Social Science Class

By Brooks, David | International Herald Tribune, December 12, 2012 | Go to article overview

Social Science Class


Brooks, David, International Herald Tribune


Social science continues to remind us of the power of social context, and the thousands of variables that shape our unconscious.

CORRECTION APPENDED

Elections come and go, but social science marches on. Here are some recent research findings that struck my fancy.

Organic foods may make you less generous. In a study published in Social Psychology and Personality Science, Kendall J. Eskine had people look at organic foods, comfort foods or a group of control foods. Those who viewed organic foods subsequently volunteered less time to help a needy stranger and they judged moral transgressions more harshly.

Men are dumber around women. Thijs Verwijmeren, Vera Rommeswinkel and Johan C. Karremans gave men cognitive tests after they had interacted with a woman via computer. In the study, published in the Journal of Experimental Social Psychology, the male cognitive performance declined after the interaction, or even after the men merely anticipated an interaction with a woman.

Women inhibit their own performance. In a study published in Self and Identity, Shen Zhang, Toni Schmader and William M. Hall gave women a series of math tests. On some tests they signed their real name, on others they signed a fictitious name. The women scored better on the fictitious name tests, when their own reputation was not at risk.

High unemployment rates may not hurt Democratic incumbents as much. In the American Political Science Review, John R. Wright looked at 175 midterm gubernatorial elections and four presidential elections between 1994 and 2010. Other things being equal, high unemployment rates benefit the Democratic Party. The effect is highest when Republicans are the incumbents, but even when the incumbent is a Democrat, high unemployment rates still benefit Democratic candidates.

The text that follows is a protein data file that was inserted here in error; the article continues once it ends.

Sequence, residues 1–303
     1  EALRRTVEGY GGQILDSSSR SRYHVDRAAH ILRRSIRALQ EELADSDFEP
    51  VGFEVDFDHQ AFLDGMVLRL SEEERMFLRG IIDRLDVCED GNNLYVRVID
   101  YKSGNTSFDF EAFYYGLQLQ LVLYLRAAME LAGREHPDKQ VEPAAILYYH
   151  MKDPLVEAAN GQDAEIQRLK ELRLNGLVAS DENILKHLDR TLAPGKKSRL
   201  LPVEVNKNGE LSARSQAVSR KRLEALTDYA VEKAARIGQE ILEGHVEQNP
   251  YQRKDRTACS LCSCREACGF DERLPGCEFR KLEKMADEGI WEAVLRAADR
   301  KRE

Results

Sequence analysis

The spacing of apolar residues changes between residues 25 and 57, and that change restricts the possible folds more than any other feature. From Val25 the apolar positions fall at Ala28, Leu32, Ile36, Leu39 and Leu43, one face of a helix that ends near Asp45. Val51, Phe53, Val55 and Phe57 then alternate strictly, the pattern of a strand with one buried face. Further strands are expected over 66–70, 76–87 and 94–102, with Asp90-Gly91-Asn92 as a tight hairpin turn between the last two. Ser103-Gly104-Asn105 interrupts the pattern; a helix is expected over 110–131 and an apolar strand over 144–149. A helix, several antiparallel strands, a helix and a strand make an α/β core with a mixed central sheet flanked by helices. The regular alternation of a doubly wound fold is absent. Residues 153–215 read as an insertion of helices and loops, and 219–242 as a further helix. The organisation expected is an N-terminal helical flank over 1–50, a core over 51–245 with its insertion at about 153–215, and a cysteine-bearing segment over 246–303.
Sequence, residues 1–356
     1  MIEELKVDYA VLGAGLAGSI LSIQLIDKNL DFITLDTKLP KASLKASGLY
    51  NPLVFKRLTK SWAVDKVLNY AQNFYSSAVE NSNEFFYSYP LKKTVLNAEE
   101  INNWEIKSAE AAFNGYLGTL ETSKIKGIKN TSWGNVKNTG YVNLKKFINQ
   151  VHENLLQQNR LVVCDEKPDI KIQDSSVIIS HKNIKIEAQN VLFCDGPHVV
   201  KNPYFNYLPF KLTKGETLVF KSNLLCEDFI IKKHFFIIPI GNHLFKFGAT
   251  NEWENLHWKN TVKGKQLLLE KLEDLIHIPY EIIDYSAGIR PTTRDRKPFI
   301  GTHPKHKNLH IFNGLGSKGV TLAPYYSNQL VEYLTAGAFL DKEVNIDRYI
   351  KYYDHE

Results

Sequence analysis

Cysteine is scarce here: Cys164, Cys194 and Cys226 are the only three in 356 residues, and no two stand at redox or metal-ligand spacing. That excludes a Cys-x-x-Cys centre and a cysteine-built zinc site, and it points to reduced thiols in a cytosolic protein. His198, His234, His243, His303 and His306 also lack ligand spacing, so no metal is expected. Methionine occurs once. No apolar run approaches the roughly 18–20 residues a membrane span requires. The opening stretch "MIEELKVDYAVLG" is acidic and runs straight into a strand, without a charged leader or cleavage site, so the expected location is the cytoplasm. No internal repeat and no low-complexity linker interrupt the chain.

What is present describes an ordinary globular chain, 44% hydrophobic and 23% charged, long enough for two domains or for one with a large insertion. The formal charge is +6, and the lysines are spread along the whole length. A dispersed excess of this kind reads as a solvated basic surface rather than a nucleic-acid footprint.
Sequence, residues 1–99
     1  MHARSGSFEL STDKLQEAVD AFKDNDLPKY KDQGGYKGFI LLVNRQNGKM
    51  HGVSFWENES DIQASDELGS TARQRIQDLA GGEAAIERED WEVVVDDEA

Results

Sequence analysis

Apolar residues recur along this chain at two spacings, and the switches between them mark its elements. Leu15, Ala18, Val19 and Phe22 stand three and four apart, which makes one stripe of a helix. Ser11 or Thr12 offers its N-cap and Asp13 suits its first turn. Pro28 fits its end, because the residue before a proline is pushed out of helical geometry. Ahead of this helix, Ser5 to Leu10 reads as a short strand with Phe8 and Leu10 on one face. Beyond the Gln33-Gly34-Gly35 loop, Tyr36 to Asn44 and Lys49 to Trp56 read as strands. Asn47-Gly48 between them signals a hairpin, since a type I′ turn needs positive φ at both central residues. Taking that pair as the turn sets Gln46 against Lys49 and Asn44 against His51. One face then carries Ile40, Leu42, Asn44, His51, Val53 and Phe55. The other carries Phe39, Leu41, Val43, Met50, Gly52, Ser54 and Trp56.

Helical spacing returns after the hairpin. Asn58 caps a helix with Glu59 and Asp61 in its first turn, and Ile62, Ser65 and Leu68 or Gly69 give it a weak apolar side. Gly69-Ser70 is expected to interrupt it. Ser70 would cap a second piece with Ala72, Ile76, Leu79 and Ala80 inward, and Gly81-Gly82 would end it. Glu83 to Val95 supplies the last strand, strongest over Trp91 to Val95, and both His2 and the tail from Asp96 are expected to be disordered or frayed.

People filter language through their fingers. In a study published in the Psychonomic Bulletin & Review, Kyle Jasmin and Daniel Casasanto asked people to rate real words, fictitious words and neologisms. Words composed of letters on the right side of the QWERTY keyboard were viewed more positively than words composed of letters from the left side.

We communicate, process and feel emotions by mimicking the facial expressions of the people around us. For a study in Basic and Applied Social Psychology, Paula M. Niedenthal, Maria Augustinova and others studied young adults who had used pacifiers as babies, and who thus could not mimic as easily. They found that pacifier use correlated with less emotional intelligence in males, though it did not predict emotional processing skills in girls.

Judges are toughest around election time. Judges in Washington State are elected and re-elected into office. In a study for The Review of Economic Statistics, Carlos Berdejo and Noam Yuchtman found that these judges issue sentences that are 10 percent longer at their end of the political cycle than at the beginning. …

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